JOLIET – John Bays laid out his plans for “a big-time restaurant for downtown Joliet” at the Joliet City Council meeting Thursday.
“I want something to pull people from the West Side, but you’ve got to have a big name,” Bays told the Economic Development Committee. “I’m trying to prove a point to people who say I can’t make this happen.”
He said that Cooper’s Hawk and Olive Garden are the kind of restaurants he would like to see in his building.
Bays is one of the biggest commercial property developers downtown. His buildings include the recently redeveloped First Midwest Bank on Chicago Street and the Cass Street building occupied by The Forge nightclub.
About a year ago, Bays bought the Catholic Charities building at Cass and Ottawa streets, where he since has been renovating the ground floor to make room for a future restaurant.
The committee gave preliminary approval to tax increment financing incentives that would allow Bays to recoup renovation costs by keeping the hike in property tax dollars he otherwise would have paid when the assessed value of the building rises with improvements.
The TIF plan will advance to the full City Council for a vote, which likely will meet Nov. 7.
“What you have is virtually the same agreement that you did for First Midwest,” economic development director Steve Jones told the committee, referring to the TIF incentives previously approved for that Bays project.
“First Midwest is a glowing success,” committee chairman Larry Hug said.
Catholic Charities continues to occupy both the third floor and part of the second floor of the building, which at one time was Al Baskin’s, the biggest clothing store in Joliet.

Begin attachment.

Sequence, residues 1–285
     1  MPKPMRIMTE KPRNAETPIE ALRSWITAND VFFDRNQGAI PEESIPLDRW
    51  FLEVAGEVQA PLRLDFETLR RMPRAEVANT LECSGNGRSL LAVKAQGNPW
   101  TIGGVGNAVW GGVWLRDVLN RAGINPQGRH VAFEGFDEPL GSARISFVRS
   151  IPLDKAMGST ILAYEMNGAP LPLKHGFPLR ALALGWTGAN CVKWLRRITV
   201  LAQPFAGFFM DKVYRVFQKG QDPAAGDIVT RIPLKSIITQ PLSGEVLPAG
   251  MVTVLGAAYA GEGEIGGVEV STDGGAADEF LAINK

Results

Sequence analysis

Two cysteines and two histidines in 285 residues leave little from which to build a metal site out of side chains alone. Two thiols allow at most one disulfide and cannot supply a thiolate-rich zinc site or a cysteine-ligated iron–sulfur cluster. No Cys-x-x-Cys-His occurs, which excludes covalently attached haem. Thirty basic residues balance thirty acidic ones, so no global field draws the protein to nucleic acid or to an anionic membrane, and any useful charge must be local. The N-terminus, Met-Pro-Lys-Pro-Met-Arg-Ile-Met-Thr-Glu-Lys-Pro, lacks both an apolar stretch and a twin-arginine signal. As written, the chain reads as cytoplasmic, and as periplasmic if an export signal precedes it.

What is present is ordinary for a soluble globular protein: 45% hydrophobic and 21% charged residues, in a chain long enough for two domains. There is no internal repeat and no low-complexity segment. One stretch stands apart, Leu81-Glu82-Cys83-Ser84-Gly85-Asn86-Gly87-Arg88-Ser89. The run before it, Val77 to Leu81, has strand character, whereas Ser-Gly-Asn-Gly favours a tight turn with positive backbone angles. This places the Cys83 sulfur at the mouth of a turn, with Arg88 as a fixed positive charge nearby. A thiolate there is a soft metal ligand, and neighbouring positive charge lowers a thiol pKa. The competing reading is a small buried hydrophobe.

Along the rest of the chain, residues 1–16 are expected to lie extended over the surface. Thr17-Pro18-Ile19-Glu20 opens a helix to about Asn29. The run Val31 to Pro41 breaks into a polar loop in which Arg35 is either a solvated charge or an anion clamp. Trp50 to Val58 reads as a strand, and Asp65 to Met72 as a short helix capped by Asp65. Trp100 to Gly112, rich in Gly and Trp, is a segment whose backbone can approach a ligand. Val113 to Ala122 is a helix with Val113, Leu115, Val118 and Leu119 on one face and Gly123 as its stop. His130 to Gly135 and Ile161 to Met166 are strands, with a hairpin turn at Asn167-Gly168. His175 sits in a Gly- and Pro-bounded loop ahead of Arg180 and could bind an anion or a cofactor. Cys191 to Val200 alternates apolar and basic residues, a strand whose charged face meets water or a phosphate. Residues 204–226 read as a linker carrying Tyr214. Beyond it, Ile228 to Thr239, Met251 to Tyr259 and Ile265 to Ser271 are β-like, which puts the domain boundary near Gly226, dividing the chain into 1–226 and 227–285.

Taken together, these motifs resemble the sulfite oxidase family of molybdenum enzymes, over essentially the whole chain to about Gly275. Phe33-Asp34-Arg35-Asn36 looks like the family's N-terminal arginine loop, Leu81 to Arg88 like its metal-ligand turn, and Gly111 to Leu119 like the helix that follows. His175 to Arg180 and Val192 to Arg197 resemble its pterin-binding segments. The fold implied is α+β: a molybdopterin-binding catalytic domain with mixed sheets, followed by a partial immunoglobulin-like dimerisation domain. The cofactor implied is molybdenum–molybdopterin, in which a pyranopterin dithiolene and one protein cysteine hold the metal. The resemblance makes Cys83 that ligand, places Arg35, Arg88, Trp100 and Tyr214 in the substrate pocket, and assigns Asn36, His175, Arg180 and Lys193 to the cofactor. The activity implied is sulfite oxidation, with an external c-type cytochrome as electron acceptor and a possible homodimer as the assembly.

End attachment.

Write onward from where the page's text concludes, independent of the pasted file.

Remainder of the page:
Bays said he could rent out the ground-floor space now, but wants to wait to attract a recognized restaurant that could draw a lot of business downtown.
One sticking point, he said, is that restaurant companies want to see Chicago Street opened up before they move in.
The city has moved forward the plan to reopen Chicago Street, promoted for years as a way to bring more traffic to the heart of downtown.
Phase-one engineering has been completed for the project, which would make Chicago Street, the main thoroughfare downtown, directly linked to Interstate 80. Traffic still coming downtown from Interstate 80 on Chicago Street is diverted south of the Will County Courthouse, where the street is cut off for one block.
Preliminary estimates say that construction could start sometime in 2018 and continue into 2019.
“Everybody I’m talking to wants that traffic downtown,” Bays said after the meeting. “They want to see [Chicago Street] open. I tell them it’s going to open, but it’s been talked about for years. They want to see it.”